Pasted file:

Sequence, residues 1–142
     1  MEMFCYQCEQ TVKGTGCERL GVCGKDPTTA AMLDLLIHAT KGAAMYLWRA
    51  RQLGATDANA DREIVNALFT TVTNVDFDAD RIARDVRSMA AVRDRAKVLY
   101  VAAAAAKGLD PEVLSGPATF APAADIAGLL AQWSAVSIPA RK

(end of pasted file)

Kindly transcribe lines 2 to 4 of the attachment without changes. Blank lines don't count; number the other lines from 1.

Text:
     1  MEMFCYQCEQ TVKGTGCERL GVCGKDPTTA AMLDLLIHAT KGAAMYLWRA
    51  RQLGATDANA DREIVNALFT TVTNVDFDAD RIARDVRSMA AVRDRAKVLY
   101  VAAAAAKGLD PEVLSGPATF APAADIAGLL AQWSAVSIPA RK